The Introduction — House Mix
I’m always amazed at the kind of great feedback some of you folks give to these articles; so, for those of you who read the first part and commented in some form (in-site/e-mail) and showed the thing to your friends, I do thank you. I enjoy writing these kinds of things, and hearing all you folk get some form of digitally strategic education or just plain interest is icing on my metaphorical journalistic cake.
From left: LOTR: The Battle for Middle-Earth 2, Act of War, and WH40k: Dawn of War.
Anyway, in this part of the series, I’m going to focus on general innovations that have either changed or heavily impacted the real-time strategy genre in some way, shape, or form since 1994 where my genre timeline finished off. You’ll see specific examples of what I consider to be a kind of “breakthrough” in a moment, but for the most part, I’m talking fairly overarching changes that have obviously shaken things up a bit. My original intent for this article was to focus on some specific gameplay features which really changed the way that the games released afterwards were received or changed to match the growing desire of gamers (this is sometimes called feature bloat or creep)â€¦ But once I started, I realized that I had a far better opportunity to do that kind of thing in part of the series where I was already planning to take a look at specific games which have already been released on a case-by-case basis. So now this article is devoted to a handful of what I consider to be the greatest changes (or, in one case, a change in the RTS formula which evolved into a genre of its very own) that have occurred over the last twelve years.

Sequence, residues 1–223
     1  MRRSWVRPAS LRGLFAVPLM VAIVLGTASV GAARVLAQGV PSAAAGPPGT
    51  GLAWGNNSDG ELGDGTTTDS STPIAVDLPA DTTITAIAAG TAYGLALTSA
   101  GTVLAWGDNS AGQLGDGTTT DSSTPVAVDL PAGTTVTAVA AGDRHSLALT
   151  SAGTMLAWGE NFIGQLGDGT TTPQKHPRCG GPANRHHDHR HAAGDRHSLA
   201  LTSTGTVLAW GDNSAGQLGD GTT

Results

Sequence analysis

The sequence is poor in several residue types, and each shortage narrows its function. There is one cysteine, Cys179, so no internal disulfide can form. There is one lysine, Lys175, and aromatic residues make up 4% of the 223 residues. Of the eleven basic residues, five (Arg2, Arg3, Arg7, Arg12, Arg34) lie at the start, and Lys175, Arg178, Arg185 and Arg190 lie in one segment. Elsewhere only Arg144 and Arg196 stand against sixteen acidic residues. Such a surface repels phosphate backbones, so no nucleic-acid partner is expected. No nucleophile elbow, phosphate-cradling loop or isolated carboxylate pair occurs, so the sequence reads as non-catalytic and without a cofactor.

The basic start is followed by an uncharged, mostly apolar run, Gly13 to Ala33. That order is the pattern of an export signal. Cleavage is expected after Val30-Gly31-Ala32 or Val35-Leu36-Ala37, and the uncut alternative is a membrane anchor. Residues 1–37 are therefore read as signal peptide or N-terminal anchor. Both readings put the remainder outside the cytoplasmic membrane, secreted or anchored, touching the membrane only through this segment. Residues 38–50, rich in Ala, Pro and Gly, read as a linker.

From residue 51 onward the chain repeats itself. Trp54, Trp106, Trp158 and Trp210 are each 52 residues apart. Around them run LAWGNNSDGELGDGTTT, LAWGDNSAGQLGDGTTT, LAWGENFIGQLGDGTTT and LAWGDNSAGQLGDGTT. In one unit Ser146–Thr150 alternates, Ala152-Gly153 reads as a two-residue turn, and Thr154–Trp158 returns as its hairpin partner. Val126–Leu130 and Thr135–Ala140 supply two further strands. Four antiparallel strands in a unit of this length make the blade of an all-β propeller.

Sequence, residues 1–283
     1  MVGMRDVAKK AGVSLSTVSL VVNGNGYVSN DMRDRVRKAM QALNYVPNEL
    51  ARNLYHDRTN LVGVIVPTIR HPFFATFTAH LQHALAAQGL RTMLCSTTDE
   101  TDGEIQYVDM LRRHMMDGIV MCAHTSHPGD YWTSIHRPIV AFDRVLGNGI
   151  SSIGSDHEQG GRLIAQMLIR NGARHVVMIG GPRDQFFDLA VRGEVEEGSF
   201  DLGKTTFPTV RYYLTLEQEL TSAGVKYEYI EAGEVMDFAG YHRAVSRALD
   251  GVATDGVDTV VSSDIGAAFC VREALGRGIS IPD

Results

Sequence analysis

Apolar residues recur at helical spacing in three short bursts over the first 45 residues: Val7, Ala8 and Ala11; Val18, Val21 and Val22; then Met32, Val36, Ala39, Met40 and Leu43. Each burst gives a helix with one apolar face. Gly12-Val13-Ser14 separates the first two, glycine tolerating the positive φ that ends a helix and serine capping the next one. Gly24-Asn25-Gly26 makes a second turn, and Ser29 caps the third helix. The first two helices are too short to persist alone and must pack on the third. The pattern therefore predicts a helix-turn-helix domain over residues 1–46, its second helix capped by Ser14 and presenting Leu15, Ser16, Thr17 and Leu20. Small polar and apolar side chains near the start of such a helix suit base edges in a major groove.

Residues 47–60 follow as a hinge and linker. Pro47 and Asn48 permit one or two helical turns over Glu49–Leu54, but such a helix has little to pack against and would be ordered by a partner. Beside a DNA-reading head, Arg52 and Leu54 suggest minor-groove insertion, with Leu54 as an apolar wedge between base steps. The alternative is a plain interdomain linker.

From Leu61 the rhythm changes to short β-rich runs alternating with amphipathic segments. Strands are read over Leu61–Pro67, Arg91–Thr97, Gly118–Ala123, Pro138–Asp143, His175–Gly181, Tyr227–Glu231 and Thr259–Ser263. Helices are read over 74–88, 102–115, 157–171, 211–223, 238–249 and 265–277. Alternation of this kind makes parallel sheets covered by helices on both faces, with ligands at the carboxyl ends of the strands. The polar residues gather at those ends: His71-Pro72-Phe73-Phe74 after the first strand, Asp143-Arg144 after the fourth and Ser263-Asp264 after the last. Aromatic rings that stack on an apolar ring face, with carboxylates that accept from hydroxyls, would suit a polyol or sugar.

One last note, before I lose you to my endless preface notes: this particular part of the series isn’t focusing on particular games so much as it is the ideas which have really powered and imbued the genre with additional life throughout the years. The next part in the series will focus on more specific examples from the current generation of RTS titles to an extent that will make you wish I hadn’t.
The Real-Time Tactical Evolution
The largest change that was experienced in the RTS genre was the eventual sub-genre that was seemingly established that completely removed one of the very foundations for real-time strategy titles: base-building. Real-time tactical games do away with the generic starting point for nearly every RTS game: a worker and the primary structural center point for whatever faction the player is using. Instead of starting from the bare minimum of units, a base, and the minimum advances up a game’s tech tree, real-time tactical games instead provide the player with a central force of units (which may or may not be bolstered as the player advances through a mission/skirmish) that he is required to utilize efficiently to the best of his abilities because that’s it — no reinforcements may be coming, you can’t pump out more units from the barracks in your main base, or anything else of the sort. Whatever you have to work with is what you have to focus your entire strategy around. So, essentially, the player must micromanage his forces well or else he’s digital toast.